Metabolic and bariatric surgery safe for youth with severe obesity; barriers to surgery should be reduced
MONDAY, Oct. 28, 2019 (HealthDay News) — Greater access is encouraged for bariatric and metabolic surgery for pediatric populations, according to a technical report and policy statement published online Oct. 27 in Pediatrics to coincide with the annual meeting of the American Academy of Pediatrics, held from Oct. 25 to 29 in New Orleans.
Sarah C. Armstrong, M.D., from the Duke Center for Childhood Obesity Research in Durham, North Carolina, and colleagues address pediatric metabolic and bariatric surgery for severe obesity among youth.
According to the policy statement and accompanying technical report, metabolic and bariatric surgery have emerged as an important treatment option for severe obesity in adults and have been shown to be safe for youth with severe obesity. However, metabolic and bariatric surgery are underused in pediatric populations. The AAP recommends that referrals should be provided to high-quality multidisciplinary centers that are experienced in assessing the risks and benefits of treatments, including bariatric surgery. Pediatricians should understand the risks and benefits of surgery to assist in family medical decision making. Pediatric patients who meet criteria for surgery should be identified and referred for surgery. Preoperative and postoperative care should be coordinated with the patient, family, and various medical teams. Insurers are encouraged to reduce barriers to pediatric metabolic and bariatric surgery and provide payment for multidisciplinary preoperative and postoperative care.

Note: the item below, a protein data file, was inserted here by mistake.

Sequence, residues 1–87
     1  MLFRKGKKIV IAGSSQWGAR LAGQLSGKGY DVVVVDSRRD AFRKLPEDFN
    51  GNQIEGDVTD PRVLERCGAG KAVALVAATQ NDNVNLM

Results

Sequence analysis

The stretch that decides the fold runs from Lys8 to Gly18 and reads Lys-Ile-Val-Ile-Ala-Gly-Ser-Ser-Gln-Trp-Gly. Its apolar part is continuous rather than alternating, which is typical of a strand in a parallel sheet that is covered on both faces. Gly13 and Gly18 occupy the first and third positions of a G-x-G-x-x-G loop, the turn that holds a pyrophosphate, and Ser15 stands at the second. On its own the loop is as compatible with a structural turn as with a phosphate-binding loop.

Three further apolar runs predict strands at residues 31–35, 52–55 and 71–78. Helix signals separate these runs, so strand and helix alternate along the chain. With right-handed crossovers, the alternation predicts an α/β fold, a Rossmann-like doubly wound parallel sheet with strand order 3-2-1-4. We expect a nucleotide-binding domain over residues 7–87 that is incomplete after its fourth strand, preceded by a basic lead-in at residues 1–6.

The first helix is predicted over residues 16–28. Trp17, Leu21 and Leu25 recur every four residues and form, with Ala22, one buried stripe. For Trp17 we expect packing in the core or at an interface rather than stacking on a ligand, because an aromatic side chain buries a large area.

“Unfortunately, we see significant disparities in which patients have access to bariatric surgery,” Armstrong said in a statement. “Surgery needs to be an option for all qualifying patients, regardless of race, ethnicity, or income.”
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